Once he was on the island, Macron was confronted by the rising hostility of inhabitants who for days were left to fend for themselves without food, water, or medical care, as running water and electricity services collapsed. No evacuation order had been given before the storm, and the evacuation after the storm was very partial, while private residents of nearby Guadeloupe came by boat to help the inhabitants. Security forces sent to the island primarily guarded aid shipments that had been sent but not distributed.

Elie Domota, a trade union official in Guadeloupe, said on BFMTV: “The government mainly sent 2,000 soldiers and various police special forces units, as if we were in some sort of outlaw state.” He accused the government of “colonial-style management of this catastrophe.” He added that the first initiative of the state was to “evacuate the wives of soldiers and policemen, leaving the poorest people in chaos.”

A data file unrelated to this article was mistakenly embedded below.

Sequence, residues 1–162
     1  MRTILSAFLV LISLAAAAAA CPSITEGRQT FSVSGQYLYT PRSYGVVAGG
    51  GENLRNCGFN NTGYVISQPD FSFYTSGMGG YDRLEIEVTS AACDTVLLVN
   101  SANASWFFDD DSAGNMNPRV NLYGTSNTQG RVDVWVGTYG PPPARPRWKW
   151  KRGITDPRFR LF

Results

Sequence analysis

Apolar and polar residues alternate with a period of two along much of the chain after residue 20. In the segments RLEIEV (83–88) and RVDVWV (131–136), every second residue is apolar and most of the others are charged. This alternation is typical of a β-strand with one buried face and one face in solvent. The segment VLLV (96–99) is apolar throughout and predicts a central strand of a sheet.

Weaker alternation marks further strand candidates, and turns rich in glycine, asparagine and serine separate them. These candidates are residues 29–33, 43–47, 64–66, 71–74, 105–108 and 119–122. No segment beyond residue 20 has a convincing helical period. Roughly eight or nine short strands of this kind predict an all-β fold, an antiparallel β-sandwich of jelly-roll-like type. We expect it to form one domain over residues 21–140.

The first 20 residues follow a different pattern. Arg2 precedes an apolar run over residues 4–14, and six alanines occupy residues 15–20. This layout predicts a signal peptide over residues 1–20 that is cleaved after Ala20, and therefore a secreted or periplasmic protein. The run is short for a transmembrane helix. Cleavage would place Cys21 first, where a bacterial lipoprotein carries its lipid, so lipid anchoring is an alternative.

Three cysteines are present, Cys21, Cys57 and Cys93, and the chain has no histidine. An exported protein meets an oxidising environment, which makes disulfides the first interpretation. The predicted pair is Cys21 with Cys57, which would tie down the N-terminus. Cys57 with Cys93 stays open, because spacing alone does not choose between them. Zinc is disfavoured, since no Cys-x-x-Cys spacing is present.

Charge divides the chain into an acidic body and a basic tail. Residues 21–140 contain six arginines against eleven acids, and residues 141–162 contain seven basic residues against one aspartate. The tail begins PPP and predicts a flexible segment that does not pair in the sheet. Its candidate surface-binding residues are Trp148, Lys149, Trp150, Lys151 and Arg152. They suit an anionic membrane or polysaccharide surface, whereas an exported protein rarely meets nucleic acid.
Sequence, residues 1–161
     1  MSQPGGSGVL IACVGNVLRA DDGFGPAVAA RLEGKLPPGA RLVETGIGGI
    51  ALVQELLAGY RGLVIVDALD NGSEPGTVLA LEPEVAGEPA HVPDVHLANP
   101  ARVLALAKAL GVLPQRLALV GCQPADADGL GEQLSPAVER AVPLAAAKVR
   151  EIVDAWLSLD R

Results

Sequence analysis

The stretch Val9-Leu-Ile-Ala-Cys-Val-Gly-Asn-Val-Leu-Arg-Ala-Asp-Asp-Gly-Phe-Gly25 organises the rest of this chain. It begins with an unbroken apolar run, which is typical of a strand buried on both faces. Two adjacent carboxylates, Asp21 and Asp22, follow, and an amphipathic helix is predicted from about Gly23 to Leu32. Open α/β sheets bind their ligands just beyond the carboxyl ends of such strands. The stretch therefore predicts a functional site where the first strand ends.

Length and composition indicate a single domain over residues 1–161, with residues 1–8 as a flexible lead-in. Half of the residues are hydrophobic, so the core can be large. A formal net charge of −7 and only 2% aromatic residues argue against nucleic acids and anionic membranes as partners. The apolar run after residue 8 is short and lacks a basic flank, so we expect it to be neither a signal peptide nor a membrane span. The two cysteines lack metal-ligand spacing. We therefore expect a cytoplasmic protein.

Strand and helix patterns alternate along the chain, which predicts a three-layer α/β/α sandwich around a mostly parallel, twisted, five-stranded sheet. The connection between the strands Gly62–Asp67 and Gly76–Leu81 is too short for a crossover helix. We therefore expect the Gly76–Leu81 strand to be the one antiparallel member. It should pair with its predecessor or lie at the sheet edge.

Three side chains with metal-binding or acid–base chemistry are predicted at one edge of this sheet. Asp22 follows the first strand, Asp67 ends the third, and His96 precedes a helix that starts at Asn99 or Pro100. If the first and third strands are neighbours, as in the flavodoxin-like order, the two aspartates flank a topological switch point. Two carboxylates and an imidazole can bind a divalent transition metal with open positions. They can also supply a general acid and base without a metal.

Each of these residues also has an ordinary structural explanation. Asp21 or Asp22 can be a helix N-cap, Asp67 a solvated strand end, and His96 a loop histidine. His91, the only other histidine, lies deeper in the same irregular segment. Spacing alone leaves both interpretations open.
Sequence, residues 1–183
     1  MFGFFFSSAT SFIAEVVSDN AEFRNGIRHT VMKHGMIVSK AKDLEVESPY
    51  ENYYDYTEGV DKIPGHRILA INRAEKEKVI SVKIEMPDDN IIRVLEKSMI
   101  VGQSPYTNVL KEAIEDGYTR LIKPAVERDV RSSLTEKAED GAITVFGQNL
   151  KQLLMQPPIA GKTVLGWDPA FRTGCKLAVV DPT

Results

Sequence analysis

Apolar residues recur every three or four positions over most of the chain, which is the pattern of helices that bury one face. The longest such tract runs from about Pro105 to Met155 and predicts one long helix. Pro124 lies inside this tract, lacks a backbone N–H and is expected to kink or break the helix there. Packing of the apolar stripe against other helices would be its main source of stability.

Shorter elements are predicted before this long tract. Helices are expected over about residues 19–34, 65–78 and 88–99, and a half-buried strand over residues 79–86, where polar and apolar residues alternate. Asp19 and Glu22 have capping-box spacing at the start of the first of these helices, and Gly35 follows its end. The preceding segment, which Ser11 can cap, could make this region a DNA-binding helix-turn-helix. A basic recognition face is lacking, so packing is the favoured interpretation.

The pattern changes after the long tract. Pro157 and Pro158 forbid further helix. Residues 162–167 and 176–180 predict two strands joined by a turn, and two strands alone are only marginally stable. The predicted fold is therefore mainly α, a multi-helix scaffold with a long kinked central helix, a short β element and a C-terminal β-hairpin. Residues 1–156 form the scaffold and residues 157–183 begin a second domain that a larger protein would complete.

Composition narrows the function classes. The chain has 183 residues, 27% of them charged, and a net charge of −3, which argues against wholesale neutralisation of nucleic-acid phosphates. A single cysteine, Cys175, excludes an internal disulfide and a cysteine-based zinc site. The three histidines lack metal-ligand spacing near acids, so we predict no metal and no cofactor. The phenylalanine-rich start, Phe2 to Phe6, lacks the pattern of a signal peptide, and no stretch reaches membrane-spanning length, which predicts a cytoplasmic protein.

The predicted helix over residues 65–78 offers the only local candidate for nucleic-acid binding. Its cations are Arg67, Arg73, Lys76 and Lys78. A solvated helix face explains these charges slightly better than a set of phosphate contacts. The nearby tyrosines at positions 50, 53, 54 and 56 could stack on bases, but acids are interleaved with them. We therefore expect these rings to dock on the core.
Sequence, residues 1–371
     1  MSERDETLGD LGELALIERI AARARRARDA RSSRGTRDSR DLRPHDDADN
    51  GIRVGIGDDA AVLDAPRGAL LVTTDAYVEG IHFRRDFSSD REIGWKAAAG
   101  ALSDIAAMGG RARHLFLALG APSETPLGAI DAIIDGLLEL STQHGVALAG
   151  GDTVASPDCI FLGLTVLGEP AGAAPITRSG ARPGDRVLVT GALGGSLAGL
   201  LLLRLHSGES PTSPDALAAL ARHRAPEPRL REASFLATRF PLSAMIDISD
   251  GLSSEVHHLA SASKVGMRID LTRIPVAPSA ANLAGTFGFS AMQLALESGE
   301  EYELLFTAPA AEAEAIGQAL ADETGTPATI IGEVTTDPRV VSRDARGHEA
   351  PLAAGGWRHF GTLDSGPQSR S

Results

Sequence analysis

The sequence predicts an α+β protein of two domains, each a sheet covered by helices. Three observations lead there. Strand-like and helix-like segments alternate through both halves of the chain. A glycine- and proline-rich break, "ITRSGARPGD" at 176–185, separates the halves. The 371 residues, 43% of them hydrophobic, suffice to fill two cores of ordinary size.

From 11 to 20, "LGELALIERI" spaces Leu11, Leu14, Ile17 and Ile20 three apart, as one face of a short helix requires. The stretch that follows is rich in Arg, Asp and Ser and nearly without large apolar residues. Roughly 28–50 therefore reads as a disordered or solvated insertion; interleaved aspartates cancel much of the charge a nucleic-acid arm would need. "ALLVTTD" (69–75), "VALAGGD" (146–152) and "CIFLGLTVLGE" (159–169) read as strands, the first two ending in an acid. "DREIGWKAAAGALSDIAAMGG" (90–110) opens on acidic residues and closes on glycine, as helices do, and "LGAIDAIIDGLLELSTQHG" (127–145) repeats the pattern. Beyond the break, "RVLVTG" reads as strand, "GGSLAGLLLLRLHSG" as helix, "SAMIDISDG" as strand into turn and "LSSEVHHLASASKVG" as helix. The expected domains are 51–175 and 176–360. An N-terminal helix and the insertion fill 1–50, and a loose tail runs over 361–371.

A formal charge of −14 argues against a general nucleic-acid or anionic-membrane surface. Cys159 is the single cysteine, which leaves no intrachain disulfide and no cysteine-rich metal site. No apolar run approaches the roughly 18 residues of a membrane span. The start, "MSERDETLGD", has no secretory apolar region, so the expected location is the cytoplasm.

Macron travelled to Saint Martin with three ministers in what was primarily a political manoeuvre to quiet criticisms from the conservative The Republicans (LR), the FN, or Jean-Luc Mélenchon. It also was aimed at rising discontent among workers in the Caribbean and in France, who are drawing devastating political conclusions about Macron’s government at the same time as it imposes its anti-democratic decrees for the destruction of the Labour Code.

Macron presented himself in the island as a head of state who was “rolling up his sleeves,” anxious to help his fellow citizens, in a series of carefully staged photo-ops designed primarily to appeal politically to the security forces. One of his main priorities was to participate in a police patrol on Tuesday evening and to call for the “disarmament” of the island.